The process for generating and passing legislation in Parliament has many differences between that of Congress. In Parliament the process first begins with the Commons who will meet to debate over the creation and amendment of laws. Then they vote to determine which proposals and laws have support. In the Lords they have one day a week in which they hold a general open debate, then have short debates throughout the rest of the week. Unlike the Commons, they do not vote on debate topics. Instead they use committees made up of several Lords and Members of Parliament.
These committees examine specific legislation or policies. They may even create multiple committees for a certain issue, then subsequently they break up the issue and give each committee a different part of it to advise on, make legislative changes, or investigate. The proposed legislation is referred to as a bill. The bills that are more controversial or contested usually start in the House of Commons.
New legislation can be introduced by a Lord, Member of Parliament, or members of public/private groups. Then it must be debated and voted on by both Houses for it to be passed. If both Houses vote to pass the bill, it will become law and automatically gets approval by the monarch (known as royal ascent). If it is voted against by the Lords, the Commons can still pass it, because after 2 years it will still be approved without the Lords’ approval.
In the United States Congress a bill can begin in either the House or the Senate. Then the bill must be approved by both houses before going to the President. First the legislation will be written by one or more members of the House or Senate. Then the legislation gets sent to a relevant committee, where its members will debate, and if necessary, rewrite or revise it. After the committee approves the bill it gets placed on the docket so that all members of the respective originating house may debate it. Afterwards, more changes or potential amendments are usually made before finally calling for a vote.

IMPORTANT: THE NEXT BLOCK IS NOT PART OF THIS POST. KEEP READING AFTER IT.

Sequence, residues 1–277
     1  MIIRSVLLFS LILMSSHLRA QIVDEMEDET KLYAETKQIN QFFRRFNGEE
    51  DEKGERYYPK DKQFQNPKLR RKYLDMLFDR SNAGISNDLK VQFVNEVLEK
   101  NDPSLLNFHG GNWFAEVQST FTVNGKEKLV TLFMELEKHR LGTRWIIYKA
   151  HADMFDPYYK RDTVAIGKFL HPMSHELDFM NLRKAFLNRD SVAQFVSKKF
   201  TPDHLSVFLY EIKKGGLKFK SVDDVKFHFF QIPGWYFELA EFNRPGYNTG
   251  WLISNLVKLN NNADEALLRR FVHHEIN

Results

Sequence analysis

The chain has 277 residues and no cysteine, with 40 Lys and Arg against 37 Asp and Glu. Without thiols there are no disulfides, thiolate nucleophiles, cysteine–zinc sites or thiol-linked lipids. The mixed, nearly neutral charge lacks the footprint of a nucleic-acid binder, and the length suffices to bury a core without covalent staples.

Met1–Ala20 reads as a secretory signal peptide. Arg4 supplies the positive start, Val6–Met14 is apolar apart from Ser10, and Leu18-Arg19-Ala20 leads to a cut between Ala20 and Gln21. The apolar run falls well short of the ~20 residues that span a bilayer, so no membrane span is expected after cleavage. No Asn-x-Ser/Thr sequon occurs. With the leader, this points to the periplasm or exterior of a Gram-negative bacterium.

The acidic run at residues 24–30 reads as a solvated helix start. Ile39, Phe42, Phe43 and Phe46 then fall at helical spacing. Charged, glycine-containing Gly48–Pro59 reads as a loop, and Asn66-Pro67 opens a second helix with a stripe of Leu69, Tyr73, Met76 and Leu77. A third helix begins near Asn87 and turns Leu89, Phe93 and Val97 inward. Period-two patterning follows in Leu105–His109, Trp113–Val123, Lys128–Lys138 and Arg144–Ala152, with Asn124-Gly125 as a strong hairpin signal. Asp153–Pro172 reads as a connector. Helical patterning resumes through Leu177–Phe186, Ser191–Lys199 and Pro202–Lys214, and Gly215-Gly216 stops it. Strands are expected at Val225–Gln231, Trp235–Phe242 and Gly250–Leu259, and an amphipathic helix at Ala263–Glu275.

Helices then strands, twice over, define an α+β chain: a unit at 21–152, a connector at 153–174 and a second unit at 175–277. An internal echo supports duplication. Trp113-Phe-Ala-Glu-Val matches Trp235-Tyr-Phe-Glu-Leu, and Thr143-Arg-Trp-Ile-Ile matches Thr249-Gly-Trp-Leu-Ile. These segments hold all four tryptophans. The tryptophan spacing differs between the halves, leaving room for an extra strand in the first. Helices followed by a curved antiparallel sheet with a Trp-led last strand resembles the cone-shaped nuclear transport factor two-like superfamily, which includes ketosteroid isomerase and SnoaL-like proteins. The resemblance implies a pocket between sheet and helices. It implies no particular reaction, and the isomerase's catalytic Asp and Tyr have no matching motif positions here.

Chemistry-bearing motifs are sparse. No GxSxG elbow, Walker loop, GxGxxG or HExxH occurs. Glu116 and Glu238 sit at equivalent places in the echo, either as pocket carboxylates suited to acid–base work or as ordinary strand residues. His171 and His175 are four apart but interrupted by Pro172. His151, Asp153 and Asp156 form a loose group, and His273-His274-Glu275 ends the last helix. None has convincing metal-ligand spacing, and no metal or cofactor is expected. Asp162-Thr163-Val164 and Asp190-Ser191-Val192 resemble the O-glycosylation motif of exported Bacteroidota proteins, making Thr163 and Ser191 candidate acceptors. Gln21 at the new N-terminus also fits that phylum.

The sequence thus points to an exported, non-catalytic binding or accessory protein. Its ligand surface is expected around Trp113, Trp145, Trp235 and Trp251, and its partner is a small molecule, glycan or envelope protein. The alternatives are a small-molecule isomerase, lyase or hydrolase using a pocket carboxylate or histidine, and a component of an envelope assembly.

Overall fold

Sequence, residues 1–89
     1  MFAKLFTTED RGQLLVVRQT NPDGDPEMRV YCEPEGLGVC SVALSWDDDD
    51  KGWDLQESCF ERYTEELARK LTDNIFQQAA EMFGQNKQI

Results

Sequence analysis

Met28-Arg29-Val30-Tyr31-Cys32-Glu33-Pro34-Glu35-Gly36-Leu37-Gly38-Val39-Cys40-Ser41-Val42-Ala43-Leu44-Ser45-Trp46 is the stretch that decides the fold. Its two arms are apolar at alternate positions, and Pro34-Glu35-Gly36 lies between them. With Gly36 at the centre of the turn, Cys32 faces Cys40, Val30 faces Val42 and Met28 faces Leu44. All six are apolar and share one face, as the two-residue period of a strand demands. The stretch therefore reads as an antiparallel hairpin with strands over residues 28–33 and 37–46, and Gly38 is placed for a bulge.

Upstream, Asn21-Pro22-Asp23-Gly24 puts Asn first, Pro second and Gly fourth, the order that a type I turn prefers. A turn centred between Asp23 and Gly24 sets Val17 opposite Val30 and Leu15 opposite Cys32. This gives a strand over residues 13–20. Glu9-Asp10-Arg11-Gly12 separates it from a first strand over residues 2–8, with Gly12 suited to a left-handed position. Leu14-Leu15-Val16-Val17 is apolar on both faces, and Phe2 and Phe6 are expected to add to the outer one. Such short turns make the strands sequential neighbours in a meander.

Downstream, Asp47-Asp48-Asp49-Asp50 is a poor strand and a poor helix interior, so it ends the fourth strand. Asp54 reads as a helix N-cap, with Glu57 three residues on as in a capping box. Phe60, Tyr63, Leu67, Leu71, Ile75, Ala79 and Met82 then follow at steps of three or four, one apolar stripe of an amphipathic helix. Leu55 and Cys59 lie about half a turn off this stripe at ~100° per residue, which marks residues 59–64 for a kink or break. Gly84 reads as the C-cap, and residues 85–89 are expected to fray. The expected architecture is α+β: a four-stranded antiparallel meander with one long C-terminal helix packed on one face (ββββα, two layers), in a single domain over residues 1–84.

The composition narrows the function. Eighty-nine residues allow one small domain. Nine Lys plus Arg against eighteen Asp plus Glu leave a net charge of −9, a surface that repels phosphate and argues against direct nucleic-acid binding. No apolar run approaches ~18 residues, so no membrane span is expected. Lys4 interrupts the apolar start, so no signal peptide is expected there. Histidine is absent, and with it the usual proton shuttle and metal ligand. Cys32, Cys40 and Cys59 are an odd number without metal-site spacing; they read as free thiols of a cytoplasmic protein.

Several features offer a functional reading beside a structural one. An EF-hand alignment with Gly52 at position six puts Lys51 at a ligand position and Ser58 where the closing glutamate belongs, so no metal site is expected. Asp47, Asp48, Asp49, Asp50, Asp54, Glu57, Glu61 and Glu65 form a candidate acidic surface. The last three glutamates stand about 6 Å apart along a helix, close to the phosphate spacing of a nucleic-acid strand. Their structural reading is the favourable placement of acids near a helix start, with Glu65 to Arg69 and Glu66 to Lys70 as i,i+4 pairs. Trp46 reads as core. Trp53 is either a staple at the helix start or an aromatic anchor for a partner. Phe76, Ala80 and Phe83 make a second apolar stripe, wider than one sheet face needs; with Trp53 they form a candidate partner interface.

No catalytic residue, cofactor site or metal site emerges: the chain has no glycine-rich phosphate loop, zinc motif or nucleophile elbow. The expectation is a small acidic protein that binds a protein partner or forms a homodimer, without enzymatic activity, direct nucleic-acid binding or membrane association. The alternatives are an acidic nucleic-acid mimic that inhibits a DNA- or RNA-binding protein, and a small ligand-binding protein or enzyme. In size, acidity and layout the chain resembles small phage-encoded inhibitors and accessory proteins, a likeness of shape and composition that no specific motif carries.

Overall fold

In the House, at least 51% of members (221) must vote yes to pass it. In the Senate, 3/5ths of members (60) is generally required to move beyond debate and to the voting stage. The passage technically only requires 51% as well (also called a simple majority), but in the Senate it may require even more (called a super majority).
Therefore, the Senate will usually be the more difficult house to pass the bill through as a means of check and balance. Once the bill passes in the originating house it goes to the other where it may likely be amended or changed once again. Both houses are required to pass the same version of the bill. It can be extremely difficult because the bill may be passed back and forth repeatedly between each house, undergoing changes which may or may not be accepted by the other chamber. Additional complications occur depending upon the current party composition of Congress. The majority or even the minority may attempt to stonewall a bill along party lines.
There are many other groups, both governmental and non-government which may strongly influence this process, to include lobbying groups. Once it finally reaches the President’s desk, he may use his executive power to veto the bill.